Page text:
Throughout my career, when speaking to talent professionals and reading many publications on how to hire and retain talent, there was and remains the mantra, “Hire The Best and The Brightest”.
This mantra is how our educational system and society rewards us. Our school system deems who gets into the most revered educational programs.
Of course, you also must be well rounded, demonstrating the potential to be a virtuoso piano player or a breakthrough in artificial intelligence, or perhaps a budding scientist who will cure the world of major illness.
Even engaging in community and charitable work has become competitive. What is considered more pressing becomes more attractive. So you might be volunteering for a climate change organisation or the humane society for abandoned pets. Guess which placement wins out?
Growing up, I revered these geniuses. They intimidated me. Some of them were math whizzes working on making the world a better place, others were musical prodigies.
Regardless of the discipline, they were phenoms. Many of them held in awe. I, on the other hand, struggled in school. Frustrated and disheartened by efforts that were mediocre at best.
If I heard one more time “Cindy is not living up to her potential.” I thought I would scream. Hardly motivational. Was I supposed to achieve 90 or 100
per cent? What, anyways is the definition of potential?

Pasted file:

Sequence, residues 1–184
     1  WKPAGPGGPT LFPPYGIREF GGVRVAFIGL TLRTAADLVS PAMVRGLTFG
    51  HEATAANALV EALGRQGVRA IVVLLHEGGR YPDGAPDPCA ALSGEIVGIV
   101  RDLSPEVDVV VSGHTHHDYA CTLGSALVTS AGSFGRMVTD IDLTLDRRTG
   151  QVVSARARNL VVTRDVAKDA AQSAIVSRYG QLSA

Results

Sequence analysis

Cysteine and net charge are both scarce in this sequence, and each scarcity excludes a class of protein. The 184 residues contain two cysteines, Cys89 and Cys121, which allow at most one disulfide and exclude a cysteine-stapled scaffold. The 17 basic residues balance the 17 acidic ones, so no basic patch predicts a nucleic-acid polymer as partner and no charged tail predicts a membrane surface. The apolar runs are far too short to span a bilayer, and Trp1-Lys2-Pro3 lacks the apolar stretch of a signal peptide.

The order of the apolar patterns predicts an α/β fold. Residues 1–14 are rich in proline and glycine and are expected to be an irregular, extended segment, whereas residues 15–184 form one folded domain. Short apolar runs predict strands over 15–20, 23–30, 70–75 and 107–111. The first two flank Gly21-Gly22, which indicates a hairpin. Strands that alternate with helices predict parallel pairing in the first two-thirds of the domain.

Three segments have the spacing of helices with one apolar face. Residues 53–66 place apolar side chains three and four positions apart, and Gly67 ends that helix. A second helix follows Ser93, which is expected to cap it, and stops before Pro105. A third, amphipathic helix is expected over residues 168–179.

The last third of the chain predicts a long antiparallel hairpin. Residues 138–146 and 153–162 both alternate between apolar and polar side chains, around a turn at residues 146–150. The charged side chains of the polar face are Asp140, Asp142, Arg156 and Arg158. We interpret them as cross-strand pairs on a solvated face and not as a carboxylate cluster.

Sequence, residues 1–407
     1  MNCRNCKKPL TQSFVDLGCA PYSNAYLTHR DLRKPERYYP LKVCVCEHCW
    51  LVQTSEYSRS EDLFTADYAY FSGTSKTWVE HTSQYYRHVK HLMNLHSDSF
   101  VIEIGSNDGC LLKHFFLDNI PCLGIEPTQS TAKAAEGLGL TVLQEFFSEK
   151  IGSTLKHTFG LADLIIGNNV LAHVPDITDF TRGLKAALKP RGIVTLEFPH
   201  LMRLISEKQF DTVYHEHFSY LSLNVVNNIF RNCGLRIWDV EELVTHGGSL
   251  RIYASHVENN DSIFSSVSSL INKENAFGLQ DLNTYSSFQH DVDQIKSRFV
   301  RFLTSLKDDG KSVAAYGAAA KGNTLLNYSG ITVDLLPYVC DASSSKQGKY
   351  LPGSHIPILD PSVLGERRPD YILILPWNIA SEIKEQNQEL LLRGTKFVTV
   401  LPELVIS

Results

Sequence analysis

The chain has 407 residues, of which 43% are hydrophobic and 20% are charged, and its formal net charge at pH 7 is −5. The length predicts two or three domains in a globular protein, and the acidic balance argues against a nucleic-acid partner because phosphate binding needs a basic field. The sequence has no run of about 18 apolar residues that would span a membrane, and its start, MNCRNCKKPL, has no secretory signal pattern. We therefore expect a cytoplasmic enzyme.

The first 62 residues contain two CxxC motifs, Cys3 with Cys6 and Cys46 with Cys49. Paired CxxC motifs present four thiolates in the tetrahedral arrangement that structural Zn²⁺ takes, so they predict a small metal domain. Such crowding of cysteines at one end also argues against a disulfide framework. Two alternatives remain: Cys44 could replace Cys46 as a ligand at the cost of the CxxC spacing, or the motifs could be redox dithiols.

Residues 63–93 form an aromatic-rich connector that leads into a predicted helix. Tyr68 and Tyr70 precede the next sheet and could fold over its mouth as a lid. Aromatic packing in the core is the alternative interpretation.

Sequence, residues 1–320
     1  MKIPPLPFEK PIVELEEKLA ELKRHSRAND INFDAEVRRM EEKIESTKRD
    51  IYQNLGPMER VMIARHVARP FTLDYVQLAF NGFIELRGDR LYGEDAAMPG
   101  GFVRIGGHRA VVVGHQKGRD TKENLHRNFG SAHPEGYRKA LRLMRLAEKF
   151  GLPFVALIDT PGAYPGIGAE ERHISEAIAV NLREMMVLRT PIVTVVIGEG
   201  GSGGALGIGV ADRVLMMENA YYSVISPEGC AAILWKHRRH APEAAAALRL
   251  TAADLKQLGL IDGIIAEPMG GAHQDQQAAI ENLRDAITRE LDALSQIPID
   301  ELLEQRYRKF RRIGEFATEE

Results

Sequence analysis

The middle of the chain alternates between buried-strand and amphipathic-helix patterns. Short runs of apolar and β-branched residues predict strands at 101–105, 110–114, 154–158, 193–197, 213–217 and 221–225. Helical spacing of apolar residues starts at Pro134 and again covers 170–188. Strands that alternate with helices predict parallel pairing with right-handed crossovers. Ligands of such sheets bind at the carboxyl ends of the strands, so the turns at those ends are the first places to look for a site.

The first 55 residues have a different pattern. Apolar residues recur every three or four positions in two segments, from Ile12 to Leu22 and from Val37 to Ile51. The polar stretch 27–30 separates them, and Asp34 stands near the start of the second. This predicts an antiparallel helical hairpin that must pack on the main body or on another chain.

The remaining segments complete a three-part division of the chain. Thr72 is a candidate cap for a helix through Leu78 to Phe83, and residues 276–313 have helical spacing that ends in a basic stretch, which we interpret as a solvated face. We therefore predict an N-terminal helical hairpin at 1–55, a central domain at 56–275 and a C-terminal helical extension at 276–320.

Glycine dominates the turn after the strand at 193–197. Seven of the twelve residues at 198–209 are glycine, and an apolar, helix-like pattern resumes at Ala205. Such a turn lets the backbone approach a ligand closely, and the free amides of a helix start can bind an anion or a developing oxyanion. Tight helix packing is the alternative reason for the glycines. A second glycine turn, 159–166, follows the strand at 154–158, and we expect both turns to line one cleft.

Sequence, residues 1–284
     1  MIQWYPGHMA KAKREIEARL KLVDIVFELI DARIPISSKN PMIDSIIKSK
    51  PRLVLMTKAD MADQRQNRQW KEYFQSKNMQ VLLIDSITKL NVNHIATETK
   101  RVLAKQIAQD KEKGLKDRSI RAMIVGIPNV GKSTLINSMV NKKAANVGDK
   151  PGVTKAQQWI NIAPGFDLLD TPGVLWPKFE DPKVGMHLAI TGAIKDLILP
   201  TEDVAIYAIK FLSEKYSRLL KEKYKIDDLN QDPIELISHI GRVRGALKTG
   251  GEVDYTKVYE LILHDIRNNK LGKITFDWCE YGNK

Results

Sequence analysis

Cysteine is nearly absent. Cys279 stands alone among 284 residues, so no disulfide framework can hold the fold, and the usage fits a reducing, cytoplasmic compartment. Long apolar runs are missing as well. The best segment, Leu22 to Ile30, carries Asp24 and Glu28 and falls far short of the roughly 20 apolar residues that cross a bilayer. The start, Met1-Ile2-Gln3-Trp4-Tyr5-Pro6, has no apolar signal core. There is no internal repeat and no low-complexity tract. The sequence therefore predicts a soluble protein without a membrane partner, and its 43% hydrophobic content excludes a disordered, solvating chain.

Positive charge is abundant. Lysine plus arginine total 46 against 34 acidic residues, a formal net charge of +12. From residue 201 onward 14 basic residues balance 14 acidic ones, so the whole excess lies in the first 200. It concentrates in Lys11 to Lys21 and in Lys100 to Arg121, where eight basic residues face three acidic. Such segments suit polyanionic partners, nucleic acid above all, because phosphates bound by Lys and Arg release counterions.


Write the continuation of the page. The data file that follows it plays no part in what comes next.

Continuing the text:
Laden in that comment are near perfect scores. Forget it, even with a herculean effort I was never going to get there.
Now fast forward to the workplace. Organisations often have a bias for graduates of highly competitive programs. These job applicants read as smart. And indeed they are. We know geniuses do excel and can dance circles around most of us. They solve complex problems like no other.
We also know that when employees get terminated, it rarely is due to lack of technical expertise or not being smart enough. It often has to do with one’s inability to be a great connector.
How strong your relationship skills are will play a pivotal role in advancing your agenda.
If you cannot stand up and present your ideas in ways that are collaborative and engaging, you may have a hard time getting traction no matter how revolutionary your solutions.
People who seem socially awkward or cannot explain why other teams or the organisation should advance with their solution increase their chances of failure.
Peers in the workplace and those who make decisions need relationship skills to resonate so they can sell on the merits of their products or services.
There are a lot of bright ideas out there. You need to engage others on an emotional level, demonstrating how your solution will out beat the competition or be a key differentiator.
Geniuses add value to an organisation only if they have compelling interpersonal skills because they are often introverts who solve problems in isolation. They can feel challenged when trying to connect with others. This is fine in a lab or back room.
Once geniuses enter the workforce, life becomes much more difficult. People are needed to carry their ideas forward.
Here is the good news. For most of the population, this should be a relief. We need to encourage organisations not to be swayed by genius capability alone, especially if the necessary interpersonal skills are at a deficit.
Hiring for genius may not always be cost-effective and quite frankly is overrated. Many times these candidates do not work out. Hiring on intellect alone could be expensive to the morale of the team as well as the high costs associated with hiring and firing.
Disclaimer: Richtopia is not an intermediary, broker/dealer, advisor, or exchange and does not provide services as such. The opinions in this post are those of the author and for informational purposes. Please conduct independent research when making decisions and do not rely on the views published on this page.